While Creed III may not be the best in the franchise, it brings enough creativity and passion to the table to keep the series fresh. The Rocky/Creed franchise is at its best when the villain is just as, if not more, interesting than our protagonist, and that is not more evident than in Creed III. Damien Anderson (expertly played by Jonathan Majors) is a very sympathetic antagonist that has a direct connection with Adonis Creed’s past. This connection is at the forefront of the conflict as Creed tries to reconcile with his past mistakes while also being true to his present self. This back and forth is excellently done and evolves Creed further as a boxer and a man. I really enjoyed this story overall, and while it may not be the most unique script to hit the silver screen, it does enough to differentiate itself from the rest of the Rocky universe, and I can respect that. The acting in this film is excellent, as it has been in previous Creed films. I thought that there might be a hole left by the absence of Sylvester Stallone, but I really did not notice it at all. Michael B. Jordan is able to get the best out of the entire cast, and everyone is better than ever. Tessa Thompson is fantastic; her chemistry with Jordan is incredible. The addition of their daughter creates a very wholesome family dynamic. Jonathan Majors is superb; he is intimidating, tragic, and full of emotion that the audience can genuinely resonate with. His anger is justified, and his portrayal of this angry kid who had his life taken from him is incredibly genuine. He was one of the best parts of the film. With Michael B. Jordan behind the camera, this film has the most unique cinematography in the entire series. Jordan takes some liberties with the material that came before to deliver a modern spin on the boxing genre. Where previous films tried to have a broadcast experience grounded in grit and realism, Creed III turns that on its head, delivering the most stunning action scenes I have ever seen. The anime inspiration is apparent, with slow motion used sparingly but effectively. The finale fight has some very creative choices that create an intimate connection between our two leads that is a great backdrop to not only the fight but the story as a whole. Overall, I had an excellent time watching Creed III. Michael B. Jordan had a wonderful directorial debut, creating a film that left me with a huge smile on my face. Score: 92% | Verdict: Excellent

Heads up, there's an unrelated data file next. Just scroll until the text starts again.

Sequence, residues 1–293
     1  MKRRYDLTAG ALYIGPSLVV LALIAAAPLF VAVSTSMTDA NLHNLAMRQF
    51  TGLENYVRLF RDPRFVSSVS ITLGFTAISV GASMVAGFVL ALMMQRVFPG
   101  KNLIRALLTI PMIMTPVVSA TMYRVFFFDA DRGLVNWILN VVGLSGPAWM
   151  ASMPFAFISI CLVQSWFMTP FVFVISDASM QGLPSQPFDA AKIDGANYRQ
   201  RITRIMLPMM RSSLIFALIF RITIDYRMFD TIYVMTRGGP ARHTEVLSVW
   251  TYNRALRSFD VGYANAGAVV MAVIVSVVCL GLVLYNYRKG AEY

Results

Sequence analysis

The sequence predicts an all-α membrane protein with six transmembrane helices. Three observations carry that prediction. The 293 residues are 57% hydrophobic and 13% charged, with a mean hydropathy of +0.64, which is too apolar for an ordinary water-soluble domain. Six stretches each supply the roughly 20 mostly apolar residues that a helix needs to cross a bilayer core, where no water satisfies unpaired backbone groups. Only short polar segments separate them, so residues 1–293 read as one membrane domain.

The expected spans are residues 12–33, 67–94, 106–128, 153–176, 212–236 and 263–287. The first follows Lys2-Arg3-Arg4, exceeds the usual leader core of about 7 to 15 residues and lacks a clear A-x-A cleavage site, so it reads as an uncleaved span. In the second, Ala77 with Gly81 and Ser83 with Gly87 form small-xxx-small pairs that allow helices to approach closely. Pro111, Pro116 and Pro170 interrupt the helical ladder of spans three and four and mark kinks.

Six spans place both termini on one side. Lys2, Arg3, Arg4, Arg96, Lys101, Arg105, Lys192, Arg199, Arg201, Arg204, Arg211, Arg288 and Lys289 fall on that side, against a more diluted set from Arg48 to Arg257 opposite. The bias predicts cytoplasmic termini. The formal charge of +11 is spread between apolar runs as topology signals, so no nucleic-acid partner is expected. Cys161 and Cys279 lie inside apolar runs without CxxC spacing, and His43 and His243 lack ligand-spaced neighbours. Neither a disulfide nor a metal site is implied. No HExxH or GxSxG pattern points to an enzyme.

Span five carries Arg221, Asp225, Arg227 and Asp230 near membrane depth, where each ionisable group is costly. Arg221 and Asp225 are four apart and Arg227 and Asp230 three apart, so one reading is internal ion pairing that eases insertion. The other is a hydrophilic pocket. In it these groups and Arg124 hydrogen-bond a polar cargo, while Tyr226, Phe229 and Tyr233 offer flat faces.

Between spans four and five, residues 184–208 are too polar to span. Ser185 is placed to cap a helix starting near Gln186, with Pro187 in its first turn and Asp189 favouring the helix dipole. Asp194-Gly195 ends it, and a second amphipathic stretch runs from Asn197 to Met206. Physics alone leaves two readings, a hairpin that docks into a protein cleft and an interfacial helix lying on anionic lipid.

Life for Adonis Creed (Michael B. Jordan), is going well. He has a loving wife (Tessa Thompson), and daughter (Mile Davis-Kent), and has retired from boxing after defeating an old rival and ensuring his legacy. Creed spends his time with his family and developing young fighters at his gym and is prepping the current champion for his next big match against Viktor Drago. An unexpected figure from Creed’s past arrives in the form of Damian Anderson (Jonathan Majors), a friend of Creed’s troubled youth has just completed eighteen years in prison. Damian was the current Golden Gloves champion when he was arrested and believes he is due his title shot and Creed is the one who can make it happen. Creed tries to teach his friend that a person without a single professional fight does not get a magical title shot and with his large the gap from the ring he would need to grind it out to get a shot. When an incident occurs just before a scheduled fight and without any established fighters available to make the date of the fight, Creed gives his friend a shot and sees that his brutal style of boxing is not what he would endorse. Upon winning the title Damian lets it go to his head and gloats at how Creed had the life he should have had and blames Creed for his past issues and for not visiting him or staying in contact. Naturally, this puts the two former friends on a path of no return with a climatic boxing match being the solution. “Creed III” does not have the benefit of Sylvester Stallone but you can still get whips of his character’s influence on Creed and Jordan does a very solid job Directing the film. He produces strong character moments which help define the struggles and motivations that each of them faces and the boxing sequences are very engaging and will have you cheering along. Majors does a great job in what could have been a routine bad guy performance. He gives Damian a drive and purpose but also shows the path that Creed could easily have followed had fate not gone as it did and how watching someone get everything you dreamed of while you are in prison can turn even the best of a man cold and bitter. The film satisfies from start to finish and the character moments and boxing blend to make not only a very enjoyable film but one that shows that there is plenty of life in the franchise. 4 stars out of 5